Options writing is viewed as one of the more risky trading strategies, but Max Ansbacher has found a way to survive and thrive in the options niche for more than 39 years — 19 of those as principal at Ansbacher Investment Management (AIM), where his strategy has produced a compound annual return of 11.52% since 1996 and is up 22.24% year-to-date through July.
AIM’s fund is a derivatives strategy that takes advantage of mispricing in the options market where Ansbacher writes options that trade at prices above their theoretical value. He describes the fund as partially hedged (but not naked) options writing.
Ansbacher says risk management is the most important aspect of options writing.
“Anyone can sell a put, and if the market remains calm it seems like an easy way to make money,” Ansbacher says. “But once the market starts going down, a lot of neophytes are amazed by how quickly option prices can turn against them.”
His risk management tools include strike selection, covered strategies and hard stops. He writes puts on the S&P 500 so they don’t have a concentration in high beta, highly volatile stocks. “We have stop loss orders on every option, which automatically takes us out of the market when prices are moving against us,” he says. “We have a partial hedge, which automatically makes money for us as we lose on the options.”
To stay successful as an options writer, you also have to be able to evolve.
“I’ve been developing this strategy since my early days at Bear Stearns when I wrote the first book on exchange traded options, ‘The New Options Market,’” Ansbacher says. “I eventually settled on writing options on the S&P 500 because of the diversification that comes with that index. Some people have accused me of not being diversified. I ask them how many stocks they think I should be writing on. They say, ‘Well, at least 30 or 40.’ I tell them, ‘That’s too few, how about 500?!’”
He says the largest evolution of the strategy over the years has been his hedging component. Prior to 2007, the strategy was unhedged. Since then he has been constantly tinkering with the correct ratio.
Besides an evolving strategy, you also have to be able to keep up with a changing options writing space. “While it is basically the same as it was 20 years ago, the market makers have improved and there is far more liquidity —both of those are a plus for options writers,” Ansbacher says. “Many options writers have come and gone over the years for various reasons, but the fundamentals of options trading really haven’t changed much. A lot of options writers who never expected the market to fall as far as it did were wiped out in 2008. That’s why, when you look at the records of many options funds, you’ll find that they start in 2009, which one might say is quite fortuitous for them.”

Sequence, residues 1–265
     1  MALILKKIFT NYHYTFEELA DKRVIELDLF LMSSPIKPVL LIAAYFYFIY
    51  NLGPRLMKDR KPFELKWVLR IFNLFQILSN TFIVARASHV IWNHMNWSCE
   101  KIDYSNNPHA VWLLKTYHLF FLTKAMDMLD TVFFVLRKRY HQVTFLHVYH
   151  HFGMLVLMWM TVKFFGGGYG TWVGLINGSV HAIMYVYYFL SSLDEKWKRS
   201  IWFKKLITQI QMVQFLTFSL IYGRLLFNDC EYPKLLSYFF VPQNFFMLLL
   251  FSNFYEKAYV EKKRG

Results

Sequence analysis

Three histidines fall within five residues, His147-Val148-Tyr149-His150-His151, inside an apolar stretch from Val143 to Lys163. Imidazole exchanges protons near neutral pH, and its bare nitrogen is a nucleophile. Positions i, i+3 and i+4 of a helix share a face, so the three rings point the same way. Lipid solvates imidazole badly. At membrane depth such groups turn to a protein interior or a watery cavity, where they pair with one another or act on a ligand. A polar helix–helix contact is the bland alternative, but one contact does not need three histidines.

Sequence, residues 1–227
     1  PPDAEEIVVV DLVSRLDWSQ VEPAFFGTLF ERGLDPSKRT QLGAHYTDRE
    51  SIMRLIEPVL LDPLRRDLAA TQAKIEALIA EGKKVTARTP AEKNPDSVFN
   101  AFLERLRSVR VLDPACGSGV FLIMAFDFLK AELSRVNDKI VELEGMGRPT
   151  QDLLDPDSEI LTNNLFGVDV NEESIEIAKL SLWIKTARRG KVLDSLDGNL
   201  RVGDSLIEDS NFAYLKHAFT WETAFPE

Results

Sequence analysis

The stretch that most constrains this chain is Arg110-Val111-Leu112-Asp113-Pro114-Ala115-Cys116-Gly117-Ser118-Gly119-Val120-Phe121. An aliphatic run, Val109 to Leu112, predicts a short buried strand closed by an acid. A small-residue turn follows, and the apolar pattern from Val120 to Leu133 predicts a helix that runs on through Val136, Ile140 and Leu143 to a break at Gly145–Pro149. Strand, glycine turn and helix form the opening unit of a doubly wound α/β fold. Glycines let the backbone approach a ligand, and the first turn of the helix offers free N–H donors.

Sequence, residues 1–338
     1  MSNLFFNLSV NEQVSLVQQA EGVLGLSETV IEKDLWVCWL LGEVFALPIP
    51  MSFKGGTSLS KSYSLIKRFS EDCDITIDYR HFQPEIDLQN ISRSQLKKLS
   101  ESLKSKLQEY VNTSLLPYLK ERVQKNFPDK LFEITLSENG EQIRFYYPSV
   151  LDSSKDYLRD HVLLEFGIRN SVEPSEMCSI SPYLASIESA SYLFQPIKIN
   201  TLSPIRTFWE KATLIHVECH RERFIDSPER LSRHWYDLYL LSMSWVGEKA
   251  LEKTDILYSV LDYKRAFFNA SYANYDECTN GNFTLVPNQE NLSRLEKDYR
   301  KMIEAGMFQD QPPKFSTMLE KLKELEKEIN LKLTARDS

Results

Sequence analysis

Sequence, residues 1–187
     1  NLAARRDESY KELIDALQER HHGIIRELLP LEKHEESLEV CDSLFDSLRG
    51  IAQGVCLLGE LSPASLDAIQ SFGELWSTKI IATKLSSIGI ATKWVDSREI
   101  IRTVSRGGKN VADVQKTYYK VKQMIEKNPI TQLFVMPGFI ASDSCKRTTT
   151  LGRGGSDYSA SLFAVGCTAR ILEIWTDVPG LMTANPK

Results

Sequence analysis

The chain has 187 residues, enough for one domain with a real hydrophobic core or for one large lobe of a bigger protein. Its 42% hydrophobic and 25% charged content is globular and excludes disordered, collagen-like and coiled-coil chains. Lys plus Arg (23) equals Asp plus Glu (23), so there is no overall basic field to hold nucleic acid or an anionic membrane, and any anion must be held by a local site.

Speaking of 2008, the fund had its worst month that year. “One of the most important reasons for our success is that we stick with our strategy and aren’t constantly adjusting it based on daily conditions,” he says. Even in 2008 — our worst year by far — we were in line with the S&P 500 for losses. While it seemed disastrous at the time, in retrospect we’re very proud of that fact,” he says.
The strategy balances risk management with opportunity. “In February 2015 we had our best monthly return in over a decade at 9.22%. We had a large, unrealized loss coming in from puts we had written in January [that turned into a winner]. The beauty of our strategy is that it has the ability to perform well in a variety of market conditions,” he says. “Also, the market conditions were absolutely perfect for our strategy, moving up in a very calm and steady trend. While the market is basically flat on the year, we are up 24.24% right now.”
During his 20 years at Bear Stearns, Ansbacher, a graduate of the University of Vermont and Yale Law School, developed trading skills. “The most important thing I learned was to never try to predict what the market was going to do, particularly on a short-term basis,” he says.
“In our strategy, we only have to predict a range in which the market will move — not whether it will go up or down. The second most important thing I learned was to not listen to anybody else’s predictions. As smart as they are and as persuasive as they may sound, they don’t know any more than anybody else. They will always tell you when they’ve been right, and never mention when they’ve been wrong.”